The Fibonacci Sequence give an outstanding performance on Deux-Elles DXL 1122 (full price), and the recording quality is excellent. The couplings are other horn related pieces by Glazunov, Mozart, Koechlin, Nielsen and Poulenc.


Arthur Butterworth

This work has been recorded commercially on the Canadian CBC label, but does not seem to be currently available.



My favourite recording is on BIS SACD-1620 (full price), coupled with the same composer's Bassoon Concerto and the two Symphonies. The performances by Jaakko Luoma (bassoon) and the Tapiola Sinfonietta are outstanding, and the recording, as usual with BIS, is state of the art. The Fibonacci Sequence have an excellent performance of the piece on Deux-Elles DXL 1104 (full price), coupled with works by Sauget, Ibert, Gordon Jacob, and Mozart.



There are so many excellent recordings of this work that it is hard to choose a "perfect" performance. My favourite is by the Academy of St. Martin in the Fields Chamber Ensemble on Chandos CHAN 8585 (full price), with superb recording quality. A splendid budget recording on EMI 3508642 (2 discs), is coupled with Beethoven's Octet and Septet, and Mendelssohn's Octet. Finally, the Fibonacci Sequence version is well recorded, and has received very good reviews, on Deux-Elles DXL 1145 (full price).


Raymond Waud.






 Arthur Butterworth wrote a regular column from 2001 to 2011 for Music Web International (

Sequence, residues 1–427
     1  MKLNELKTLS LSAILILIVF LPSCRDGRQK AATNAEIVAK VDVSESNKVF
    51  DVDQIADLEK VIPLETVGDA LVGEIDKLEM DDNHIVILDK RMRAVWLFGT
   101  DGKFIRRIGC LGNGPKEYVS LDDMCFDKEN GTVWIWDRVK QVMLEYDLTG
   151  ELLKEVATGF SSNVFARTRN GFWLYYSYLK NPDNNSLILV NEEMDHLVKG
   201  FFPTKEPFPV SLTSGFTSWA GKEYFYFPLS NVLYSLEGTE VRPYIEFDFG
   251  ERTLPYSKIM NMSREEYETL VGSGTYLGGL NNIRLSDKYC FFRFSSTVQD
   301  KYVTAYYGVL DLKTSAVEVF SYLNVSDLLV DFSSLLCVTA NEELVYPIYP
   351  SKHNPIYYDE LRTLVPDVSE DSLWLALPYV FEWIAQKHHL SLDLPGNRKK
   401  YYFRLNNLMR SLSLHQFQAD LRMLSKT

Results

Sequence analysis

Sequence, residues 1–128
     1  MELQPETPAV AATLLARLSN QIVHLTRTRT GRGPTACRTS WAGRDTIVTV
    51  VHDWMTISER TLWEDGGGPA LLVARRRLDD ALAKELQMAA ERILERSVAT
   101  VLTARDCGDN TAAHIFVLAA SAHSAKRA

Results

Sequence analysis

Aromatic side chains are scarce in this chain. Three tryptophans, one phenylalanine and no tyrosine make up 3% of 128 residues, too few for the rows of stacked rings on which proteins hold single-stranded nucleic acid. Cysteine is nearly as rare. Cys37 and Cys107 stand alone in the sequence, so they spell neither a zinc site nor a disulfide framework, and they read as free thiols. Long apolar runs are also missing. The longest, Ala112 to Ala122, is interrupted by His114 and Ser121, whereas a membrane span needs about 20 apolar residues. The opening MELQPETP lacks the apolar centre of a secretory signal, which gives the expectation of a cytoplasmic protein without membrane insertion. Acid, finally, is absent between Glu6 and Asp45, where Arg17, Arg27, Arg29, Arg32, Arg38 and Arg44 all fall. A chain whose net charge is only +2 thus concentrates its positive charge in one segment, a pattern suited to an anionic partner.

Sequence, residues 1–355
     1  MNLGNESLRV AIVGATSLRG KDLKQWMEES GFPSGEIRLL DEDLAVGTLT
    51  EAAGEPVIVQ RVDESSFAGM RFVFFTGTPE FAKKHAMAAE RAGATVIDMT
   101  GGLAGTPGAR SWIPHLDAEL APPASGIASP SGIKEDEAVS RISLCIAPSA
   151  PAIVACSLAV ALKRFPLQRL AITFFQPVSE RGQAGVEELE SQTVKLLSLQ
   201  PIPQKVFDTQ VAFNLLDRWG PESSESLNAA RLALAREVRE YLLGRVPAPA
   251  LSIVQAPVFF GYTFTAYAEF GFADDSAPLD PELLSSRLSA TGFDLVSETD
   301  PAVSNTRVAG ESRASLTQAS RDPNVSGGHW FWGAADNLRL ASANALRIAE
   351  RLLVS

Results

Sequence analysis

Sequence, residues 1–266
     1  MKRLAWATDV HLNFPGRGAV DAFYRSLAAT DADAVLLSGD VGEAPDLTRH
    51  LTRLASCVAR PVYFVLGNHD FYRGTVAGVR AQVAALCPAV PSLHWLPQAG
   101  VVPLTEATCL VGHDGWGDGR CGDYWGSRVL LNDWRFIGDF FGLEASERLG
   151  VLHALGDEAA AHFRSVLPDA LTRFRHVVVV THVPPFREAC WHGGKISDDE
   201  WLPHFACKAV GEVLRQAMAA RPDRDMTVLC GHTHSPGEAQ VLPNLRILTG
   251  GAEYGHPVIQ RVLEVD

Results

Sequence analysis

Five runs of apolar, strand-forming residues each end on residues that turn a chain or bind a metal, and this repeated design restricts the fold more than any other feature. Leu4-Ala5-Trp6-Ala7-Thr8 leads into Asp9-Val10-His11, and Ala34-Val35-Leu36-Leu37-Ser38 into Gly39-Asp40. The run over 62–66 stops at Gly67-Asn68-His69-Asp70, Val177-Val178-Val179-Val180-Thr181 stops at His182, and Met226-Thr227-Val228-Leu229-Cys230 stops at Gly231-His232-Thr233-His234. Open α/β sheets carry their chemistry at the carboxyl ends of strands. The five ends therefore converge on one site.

This is a fascinating, thoughtful, wise and amusing series on music, as he has observed it over his long and productive life – highly recommended. Arthur sent David Pyett this amusing story about his Romanza, to be played tonight. Here is a slightly shortened version, printed with his permission:


"It was originally written for Farquharson Cousins - once principal horn of the old YSO - but at the time this was written (1954 ?), he was with me in the SNO. He pestered me to write this for a potential broadcast in the Scottish Region, but it never came about, so I was left with it.


Some time later Ifor James took it up and gave its first performance with the BBC Northern under George Hurst in about 1956. Ifor James' performance in the Manchester studio was hair-raising: It was a live concert - 7.30pm - and the second piece on the programme - the broadcast had already begun, - but no Ifor James ! - The conductor and producer glanced anxiously at the studio clock. He had rehearsed with them in the afternoon. However, as the closing bars of the overture (can't remember what) were being played, in rushed Ifor, in full evening dress - white tie and tails - he had been playing just up the street with the Hallé in their overture. (Hallé concerts began at 7.00pm) and had calculated that this would be over by about 7.15 - time to rush down Peter Street to the Deansgate studio- whip off his overcoat and just play. Time to warm up? ...No! need, he'd only just been blowing it ten minutes before, so what's there to get excited about ? It was a splendid performance, but he got a ticking off from the producer for causing such anxiety to all concerned."




Thanks to all members who responded to our request to return tickets. We managed to satisfy all of our 63 requests for "Returned Tickets" so the Hall was very nearly full; very gratifying for our splendid artists. Remember that you can collect your "Returned Ticket" refunds at the interval of tonight's concert from the desk in the Winter Garden.


The encores were Poulenc's dreamy "Hôtel", a setting of poem by Appollinaire – about smoking in sunlit hotel room, and "Cotswold Love" written in1938 by English composer Michael Head, an evocative setting of the area in which Sarah lives of a poem by John Drinkwater.